Surrounded by hazy conditions, a window washer cleans a window at the View of DC observation deck on June 8 in Arlington, Virginia. Smoke from wildfires in Canada have darkened the skies and affected the air quality in parts of the United States. Image Credit: The Washington Post

Worsening air pollution and increased resistance to antibiotics are two of the world’s most urgent public health concerns, contributing to millions of premature deaths per year - and a new study suggests they might be related.

Researchers from Zhejiang University and the University of Cambridge have found “significant correlations” worldwide between air pollutants known as PM 2.5 - tiny particles of solids or liquids in the air such as dust, dirt and soot - and antibiotic resistance, according to a paper published this month in the Lancet Planetary Health journal.

The link shown in data from 116 countries over 18 years is “increasing at an accelerating rate,” the researchers said, “which could hasten the beginning of a so-called post-antibiotic era” in which superbugs, or drug-resistant diseases such as methicillin-resistant Staphylococcus aureus (MRSA), could become prevalent.

For years, scientists have been sounding the alarm about the deadly consequences of antibiotic resistance, which is sometimes called the “silent pandemic” and has long been attributed to the overuse and misuse of antibiotics. But the new peer-reviewed study’s findings suggest pollution could also be an important contributing factor. The authors estimate that antibiotic resistance derived from air pollution caused some 480,000 premature deaths in 2018, and if nothing is done to remedy the situation in the future, that death toll could rise by 56.4 per cent by 2050.

Worrying trends

The findings point to an intersection of two worrying trends. From 2016 to 2019, deaths caused by antibiotic resistance increased more than 80 per cent, researchers write in the paper.

Meanwhile, air pollution is likely to worsen worldwide as a result of climate change. A study published in March found that nearly every person on the planet is exposed to levels of air pollution that the World Health Organization considers unhealthy.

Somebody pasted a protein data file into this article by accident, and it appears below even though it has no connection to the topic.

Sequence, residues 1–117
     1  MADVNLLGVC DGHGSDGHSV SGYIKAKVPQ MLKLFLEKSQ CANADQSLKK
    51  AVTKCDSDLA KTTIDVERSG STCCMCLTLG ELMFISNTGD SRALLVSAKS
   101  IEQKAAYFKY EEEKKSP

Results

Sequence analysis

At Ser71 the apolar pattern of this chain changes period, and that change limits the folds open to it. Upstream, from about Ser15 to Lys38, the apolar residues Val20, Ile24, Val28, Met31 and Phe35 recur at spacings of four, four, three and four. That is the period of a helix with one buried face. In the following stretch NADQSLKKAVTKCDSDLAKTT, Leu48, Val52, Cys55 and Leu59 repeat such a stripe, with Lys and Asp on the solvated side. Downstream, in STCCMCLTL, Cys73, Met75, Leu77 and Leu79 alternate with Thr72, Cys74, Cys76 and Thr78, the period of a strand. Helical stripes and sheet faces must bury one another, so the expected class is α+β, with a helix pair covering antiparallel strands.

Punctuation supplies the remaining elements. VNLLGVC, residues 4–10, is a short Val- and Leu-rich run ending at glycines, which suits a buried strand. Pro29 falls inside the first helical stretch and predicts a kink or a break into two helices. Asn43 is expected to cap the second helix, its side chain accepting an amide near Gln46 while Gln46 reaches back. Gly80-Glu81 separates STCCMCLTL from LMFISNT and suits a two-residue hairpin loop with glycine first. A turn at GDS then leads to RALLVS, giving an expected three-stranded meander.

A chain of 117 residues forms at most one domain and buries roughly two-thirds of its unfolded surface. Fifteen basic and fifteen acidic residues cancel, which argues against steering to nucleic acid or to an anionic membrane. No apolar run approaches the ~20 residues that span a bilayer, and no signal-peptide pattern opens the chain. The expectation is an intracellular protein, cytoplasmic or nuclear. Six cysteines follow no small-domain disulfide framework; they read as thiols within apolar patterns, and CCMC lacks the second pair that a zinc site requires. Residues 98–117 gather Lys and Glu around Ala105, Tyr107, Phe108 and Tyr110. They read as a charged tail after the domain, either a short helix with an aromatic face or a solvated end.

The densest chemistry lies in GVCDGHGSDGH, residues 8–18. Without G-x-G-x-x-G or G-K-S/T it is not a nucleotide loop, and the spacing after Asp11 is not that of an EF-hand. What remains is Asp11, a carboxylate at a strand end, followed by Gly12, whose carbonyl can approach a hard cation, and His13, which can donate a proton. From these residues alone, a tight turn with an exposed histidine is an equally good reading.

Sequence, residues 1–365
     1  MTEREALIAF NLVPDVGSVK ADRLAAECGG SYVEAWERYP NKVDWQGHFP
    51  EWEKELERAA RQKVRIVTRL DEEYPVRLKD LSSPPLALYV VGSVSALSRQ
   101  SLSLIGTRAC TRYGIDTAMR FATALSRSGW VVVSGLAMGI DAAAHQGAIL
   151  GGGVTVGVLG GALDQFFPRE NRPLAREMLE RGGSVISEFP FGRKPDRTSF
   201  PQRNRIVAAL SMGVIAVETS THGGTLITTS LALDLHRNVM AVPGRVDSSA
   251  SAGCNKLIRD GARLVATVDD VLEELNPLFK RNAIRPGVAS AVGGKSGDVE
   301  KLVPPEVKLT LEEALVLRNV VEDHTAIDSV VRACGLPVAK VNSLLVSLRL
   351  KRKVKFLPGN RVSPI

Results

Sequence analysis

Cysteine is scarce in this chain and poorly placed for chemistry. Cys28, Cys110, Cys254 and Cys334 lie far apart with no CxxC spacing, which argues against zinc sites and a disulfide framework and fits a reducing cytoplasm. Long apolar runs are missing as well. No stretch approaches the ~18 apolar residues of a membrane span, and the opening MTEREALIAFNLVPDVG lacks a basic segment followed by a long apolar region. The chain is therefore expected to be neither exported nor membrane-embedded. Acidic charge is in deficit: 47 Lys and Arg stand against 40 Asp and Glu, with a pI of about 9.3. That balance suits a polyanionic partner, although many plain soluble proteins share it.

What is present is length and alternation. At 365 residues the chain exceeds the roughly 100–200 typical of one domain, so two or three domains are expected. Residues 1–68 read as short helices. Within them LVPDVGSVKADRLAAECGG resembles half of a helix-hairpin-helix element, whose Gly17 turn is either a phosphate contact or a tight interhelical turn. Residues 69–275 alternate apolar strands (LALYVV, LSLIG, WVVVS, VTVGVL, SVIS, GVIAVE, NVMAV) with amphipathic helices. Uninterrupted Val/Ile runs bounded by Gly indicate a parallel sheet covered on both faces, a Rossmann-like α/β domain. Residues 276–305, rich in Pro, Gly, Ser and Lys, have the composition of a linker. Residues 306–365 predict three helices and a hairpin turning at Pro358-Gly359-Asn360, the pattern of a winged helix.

This summer, bad air quality from wildfires left portions of the United States and Canada in an ominous haze, sparking renewed concern about the health consequences of pollution, which has already been linked to cancer, respiratory illnesses, cardiovascular disease and even dementia and depression, among other conditions. And in many parts of the world, air that burns your throat and stings your eyes is a regular struggle.

“Pollution has a massive effect on human health even without considering antibiotic resistance,” Mark A. Holmes, a professor of microbial genomics and veterinary science at Cambridge University who worked on the paper, wrote in an email. “This correlation between antibiotic resistance and this type of pollution provides another incentive to tackle pollution,” he said.

The study was observational, so the authors emphasize that additional research would be needed to determine any sort of causal relationship between air pollution and resistance to antibiotics. Still, the work is significant in that it is the “first report on the relationship between PM2.5 and clinical antibiotic resistance worldwide,” the authors write.


Holmes said the results were “surprising” in that they suggest “there is value in looking beyond the simple reduction in antibiotic use when tackling antibiotic resistance.”

Previous research has suggested that rising local temperatures and population density are also associated with increasing antibiotic resistance in common pathogens.

Antibiotic resistance was responsible for at least 1.27 million deaths globally in 2019, according to the Centers for Disease Control and Prevention, and in December the World Health Organization warned about high levels of resistance in bacteria causing life-threatening bloodstream infections in hospitals and making it harder to treat common infections.

Contrary to prevailing beliefs, it is not the patient who becomes resistant to antibiotics but the pathogen itself. Each time we successfully use an antibiotic, it kills off the vulnerable pathogens and leaves behind ones with drug-resistant elements, which then multiply, making it more difficult to use the medication effectively in the future. Holmes calls it “simple Darwinian natural selection.”

While more research is needed to determine the underlying mechanism behind air pollution’s apparent link to antibiotic resistance, Hong Chen, a professor of environmental engineering at Zhejiang University who worked on the study, wrote in an email that air has been recognized as a “key vector for disseminating antibiotic resistance.” PM 2.5 has been shown to carry a variety of antibiotic-resistant bacteria and antibiotic-resistant genes, “which are transferred between environments and directly inhaled by humans,” she said.

In the paper, the authors call on governments and the public to do what they can to intervene, writing that “the harm caused by global air pollution has no borders.”